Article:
President-elect Andres Manuel Lopez Obrador has pledged to decrease violence when he comes into office but the factors compounding the volatility in Mexico may make it a hard task to shoulder.
Mexico’s elections are over, but it has been a long and deadly stretch in the run-up to voting.
This past election season saw an unprecedented rise in violence – at least 132 politicians were killed, about 80 candidates withdrew and the murder of a mayor in the town of Ocampo resulted in the arrest of an entire police force.
But the violence this election cycle is more than a flash in the pan – Mexico last year had the highest murder rate in 20 years. That's an average of at least 63 people killed every day.
Ever since former president Felipe Calderon waged a war on drug cartels in 2006, violence in Mexico has become a norm – plaguing incumbent President Enrique Pena Nieto’s rule.
But Mexico’s President-elect Andres Manuel Lopez Obrador says he wants to change this. Voted into power on Sunday by 53 percent of the electorate, Lopez Obrador has suggested a new way of dealing with the uptick in drug related violence – floating the idea of amnesty to those convicted of drug-related crimes. This approach, if fulfilled, will be a pivot away from what his predecessors attempted to do militarily, failing to resolve the violence.
The violence in Mexico has been on the rise for various reasons.
“You have civilians affected by extortion and murder, those sorts of practices. You have criminal groups fighting one another, for drug trafficking routes, extortion rackets, theft of oil,” says Crisis Group’s Program Director for Latin American, Ivan Briscoe.
“You have state security forces fighting criminal groups, which will often lead to shootouts involved in the security operations as well. And you have extrajudicial killings by state forces involved in the fight against organised crime.”
The crackdown on drug cartels, which began during Calderon’s time in power, was done militarily – security forces stormed the streets of several cities that were known for high rates of drug violence. But this also led to extrajudicial killings that reduced public trust in the government. Added to this, was the reputation that Mexico’s security apparatus had gained for being in cahoots with the cartels.
“The military contrary to public opinion, is not really fighting the drug war, but facilitating certain parts of it, because there is so much money in it,” says the director of the America’s Program, Laura Carlsen.
But even when the state attempts to crackdown on drug cartels, there is no real incentive for kingpins to back off. Drugs are a lucrative business and the harsher the state policies against the traffickers, the more profitable it becomes. As soon as authorities detect the areas or ways of transporting banned substances and initiate action, cartels tend to evolve and get more creative and vicious with smuggling the contraband.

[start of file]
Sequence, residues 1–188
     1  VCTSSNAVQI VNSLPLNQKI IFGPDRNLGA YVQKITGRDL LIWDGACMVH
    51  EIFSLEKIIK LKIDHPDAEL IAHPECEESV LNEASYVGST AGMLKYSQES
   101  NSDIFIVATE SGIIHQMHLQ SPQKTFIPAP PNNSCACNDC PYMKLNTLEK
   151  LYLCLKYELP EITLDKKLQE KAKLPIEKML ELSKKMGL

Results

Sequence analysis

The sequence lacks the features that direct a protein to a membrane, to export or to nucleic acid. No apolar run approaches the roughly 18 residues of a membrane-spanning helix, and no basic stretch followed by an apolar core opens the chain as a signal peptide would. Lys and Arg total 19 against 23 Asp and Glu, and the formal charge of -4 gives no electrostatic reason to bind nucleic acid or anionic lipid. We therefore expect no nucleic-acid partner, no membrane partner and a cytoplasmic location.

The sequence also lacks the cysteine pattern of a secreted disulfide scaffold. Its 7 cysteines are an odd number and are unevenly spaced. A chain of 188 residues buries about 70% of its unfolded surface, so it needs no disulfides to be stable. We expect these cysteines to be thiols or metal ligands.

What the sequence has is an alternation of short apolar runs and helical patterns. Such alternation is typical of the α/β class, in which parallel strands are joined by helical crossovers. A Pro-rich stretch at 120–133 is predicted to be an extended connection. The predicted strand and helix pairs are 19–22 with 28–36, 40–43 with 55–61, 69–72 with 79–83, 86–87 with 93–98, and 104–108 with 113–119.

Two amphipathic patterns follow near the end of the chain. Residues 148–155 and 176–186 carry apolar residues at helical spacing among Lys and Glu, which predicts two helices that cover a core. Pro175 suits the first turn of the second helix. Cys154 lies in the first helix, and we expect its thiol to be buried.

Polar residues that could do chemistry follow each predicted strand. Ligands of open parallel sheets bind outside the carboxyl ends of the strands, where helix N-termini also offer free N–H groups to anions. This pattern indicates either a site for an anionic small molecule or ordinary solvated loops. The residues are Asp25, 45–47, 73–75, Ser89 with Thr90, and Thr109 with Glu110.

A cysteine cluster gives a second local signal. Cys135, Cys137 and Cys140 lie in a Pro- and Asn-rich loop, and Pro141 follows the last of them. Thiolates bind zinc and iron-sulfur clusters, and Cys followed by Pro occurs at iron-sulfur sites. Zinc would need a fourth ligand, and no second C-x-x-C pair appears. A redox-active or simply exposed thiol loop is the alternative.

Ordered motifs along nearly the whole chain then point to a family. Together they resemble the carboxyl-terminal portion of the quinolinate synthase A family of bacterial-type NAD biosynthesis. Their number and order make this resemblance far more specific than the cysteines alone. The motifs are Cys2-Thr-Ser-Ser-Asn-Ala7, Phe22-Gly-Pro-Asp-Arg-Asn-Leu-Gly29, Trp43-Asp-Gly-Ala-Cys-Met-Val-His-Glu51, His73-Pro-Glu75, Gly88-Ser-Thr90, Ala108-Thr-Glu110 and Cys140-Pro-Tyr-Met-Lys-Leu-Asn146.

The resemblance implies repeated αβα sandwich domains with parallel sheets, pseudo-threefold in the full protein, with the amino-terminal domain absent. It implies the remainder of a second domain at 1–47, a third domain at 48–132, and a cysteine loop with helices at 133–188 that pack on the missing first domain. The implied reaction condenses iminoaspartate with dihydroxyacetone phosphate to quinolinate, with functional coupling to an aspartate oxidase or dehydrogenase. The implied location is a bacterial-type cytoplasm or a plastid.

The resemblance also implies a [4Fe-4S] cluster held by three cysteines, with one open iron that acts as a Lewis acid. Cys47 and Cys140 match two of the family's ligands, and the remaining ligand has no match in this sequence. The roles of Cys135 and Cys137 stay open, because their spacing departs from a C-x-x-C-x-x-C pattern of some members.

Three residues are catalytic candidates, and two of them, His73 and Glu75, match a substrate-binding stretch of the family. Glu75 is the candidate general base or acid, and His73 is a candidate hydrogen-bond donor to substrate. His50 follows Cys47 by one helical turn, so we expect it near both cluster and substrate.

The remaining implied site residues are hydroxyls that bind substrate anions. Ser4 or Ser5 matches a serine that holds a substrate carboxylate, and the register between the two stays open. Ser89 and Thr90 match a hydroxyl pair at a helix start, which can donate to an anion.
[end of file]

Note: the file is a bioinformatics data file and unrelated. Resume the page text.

The cartels also know how not to put all their eggs in one basket. They diversify, invest in other sectors like oil and real estate in order to manage their cartels with smooth cash flows.
Another move that contributes to violence is the kingpin strategy. A technique used extensively by the Calderon administration, it attempts to bump off the leaders of most powerful cartels and foment unrest within their ranks. The final aim is to make it hard for the business to survive the chaos. But this strategy backfired as it triggered intense drug wars, claiming dozens of lives, including civilians. The New York Times described it as “the tumult" that was "widely viewed as evidence of disruption: a signal that more deadly and unpredictable gangs were competing to fill a vacuum.”
With all of these issues compounding the overall issue of drug violence, how will Lopez Obrador’s proposed idea for tackling drug violence pan out?
The president-elect ran his presidential campaign vowing to reduce the violence, take back control of the streets, reduce corruption and alleviate poverty. The proposals he has touted also represent a shift away from the traditional response to drug violence.
“Lopez Obrador has promised a move away from militarised policing towards an approach based on peace building, construction of a different security model for the country, quite short on the specifics,” says Briscoe.
In addition to his proposal to provide amnesty towards low level offenders, Lopez Obrador has also floated the idea of a truth commission – much like the one seen in South Africa – and has talked about broader police reform.
But as of now, these ideas are nothing more than Lopez Obrador's election rhetoric – ideas that Briscoe believes need to be fleshed out and would not necessarily prove easy to carry out.
“It is very unlikely in very high violent context that you see in Mexico, that he would be able to immediately withdraw the military from all policing and security activities,” Briscoe says.
“There is much more likely to be a gradual approach, the cultivation of new ideas with more emphasis on construction of peace, on crime prevention, on economic measures aimed to change the fundamental root causes of violence but that’s a really long term project.”
Part of fixing the chronic state of violence and enacting an effective crime prevention strategy also involves ending the culture of impunity that runs rampant in Mexico.
“There is virtually no justice system that is capable of confronting this problem. And there is no message going out to people, if you get involved in this, you will face consequences,” says Carlsen.